This month I was honored to be recognized as the Society of Early Americanists’ Junior Scholar of the Month. I was nominated by a scholar in the field, and provided an interview to the SEA. You can read it here: https://www.societyofearlyamericanists.org/whats-new-announcements/sea-junior-scholar-of-the-month-for-october-stacey-dearing
Working with the SEA is part of my ongoing dedication to service in the field. I am privileged to be able to work with such generous, inspirational scholars!
I don’t usually get excited about Google Doodles, but yesterday they honored Mary Prince’s 230th birthday. Prince was the first black woman to publish a slave narrative in England, and was an ardent abolitionist. Here’s a quote from the Google piece that stands out:
“I have been a slave myself,” Prince wrote in The History of Mary Prince, a West Indian Slave. “I know what slaves feel—I can tell by myself what other slaves feel, and by what they have told me. The man that says slaves be quite happy in slavery—that they don’t want to be free—that man is either ignorant or a lying person. I never heard a slave say so.”
Yesterday I found out that I received an Honorable Mention for an Excellence in Teaching Award from the English Department at Purdue for my teaching during the 2017-2018 academic year. I’d like to thank my amazing students and my colleagues for pushing me to always work to be a better teacher!
My first article was published on March 28th in the peer-reviewed journal Dialogue: A Journal of Mormon Thought. I’m absolutely thrilled to have a hard copy of the article. I’d also like to thank Hilary Wyss for encouraging this article from its inception, Nush Powell for helping me revise it for publication, and my colleagues at Purdue for reading drafts and providing helpful feedback.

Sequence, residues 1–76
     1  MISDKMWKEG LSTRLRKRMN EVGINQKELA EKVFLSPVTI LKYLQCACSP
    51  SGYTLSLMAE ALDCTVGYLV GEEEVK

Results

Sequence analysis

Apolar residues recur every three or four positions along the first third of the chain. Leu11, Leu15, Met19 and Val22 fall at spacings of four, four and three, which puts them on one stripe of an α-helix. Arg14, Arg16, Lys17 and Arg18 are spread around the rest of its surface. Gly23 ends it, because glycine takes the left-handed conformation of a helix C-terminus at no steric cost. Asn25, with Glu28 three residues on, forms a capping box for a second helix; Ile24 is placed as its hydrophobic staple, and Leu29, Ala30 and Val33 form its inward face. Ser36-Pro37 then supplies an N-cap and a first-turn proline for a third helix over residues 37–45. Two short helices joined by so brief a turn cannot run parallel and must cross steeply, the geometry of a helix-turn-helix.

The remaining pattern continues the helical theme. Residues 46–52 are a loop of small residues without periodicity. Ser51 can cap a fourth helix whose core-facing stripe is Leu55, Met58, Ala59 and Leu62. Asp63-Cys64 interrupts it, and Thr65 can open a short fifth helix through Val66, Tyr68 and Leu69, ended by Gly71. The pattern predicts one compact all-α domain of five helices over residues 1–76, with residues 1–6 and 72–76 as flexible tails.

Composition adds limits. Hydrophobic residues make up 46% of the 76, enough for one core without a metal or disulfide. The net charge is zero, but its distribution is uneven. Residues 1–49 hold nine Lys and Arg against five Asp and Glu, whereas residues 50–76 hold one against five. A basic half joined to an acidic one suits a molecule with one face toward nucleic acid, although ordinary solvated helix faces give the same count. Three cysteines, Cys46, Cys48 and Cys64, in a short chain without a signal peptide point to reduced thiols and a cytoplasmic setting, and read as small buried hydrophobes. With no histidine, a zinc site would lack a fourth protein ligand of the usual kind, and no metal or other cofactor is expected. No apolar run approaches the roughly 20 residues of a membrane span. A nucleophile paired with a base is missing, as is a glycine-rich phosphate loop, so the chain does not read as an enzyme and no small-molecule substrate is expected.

You can purchase this article on the Dialogue website: https://www.dialoguejournal.com/archive/dialogue-premium-content/spring-2018/
Found my two of my students’ poster presentation at the Purdue Professional Writing Showcase! I’m super proud of all of the work my ENGL 422: Writing in the Health and Human Sciences students have done this semester. All of my 20 students presented their patient education materials at showcase this year.
My first article, “Remember Me: Discursive Needlework and the Sewing Sampler of Patty Bartlett Sessions” was published today in Dialogue: A Journal of Mormon Thought.
I would like to thank Hilary Wyss for encouraging this project from it’s inception; many thanks also to Nush Powell and Kristina Bross for helping me revise it for publication.
On January 29th I received a Quintilian Award for my teaching for the fall 2017 semester. The award, given by the Introductory Composition at Purdue (ICaP) program, recognizes teachers who achieve exceptional course evaluations for English 106 classes.
My application score was a 4.9/5.0.
To receive the award, applicants must have a median score of 4.6/5.0 for the following 7 course evaluation categories:
–Overall, I would rate this course as…
–Overall, I would rate this instructor as…
–Course requirements are clear
–My instructor seems well prepared for class
–When I have a question or comment, I know it will be respected
–This course effectively challenges me to think
–My instructor shows respect for diverse groups of people
I’m in the process of updating the website to include course evaluations from fall 2017 because I am exceptionally proud of how well my students did, and of my excellent course evaluations. Here’s a preview of the update:
I recently received my copies of two new books on the history of medicine, and both authors responded to my twitter post, thus proving how awesome it is to be a part of the medical humanities! I’m actually teaching #TheButcheringArt in my Writing in the Health and Human Sciences class at Purdue next semester; I’m excited to talk to my students about the importance of communication in health care, as well as how the history of medicine informs their career trajectories as doctors, nurses, administrators, and public health professionals!
Interesting article from the Chronicle of Higher Ed on best practices for supporting undergraduate research! For humanities students, community partnerships with museums, archives, historical societies, and non-profits could be a way to engage students in low-cost research and service to the community!
Expanding Undergraduate Research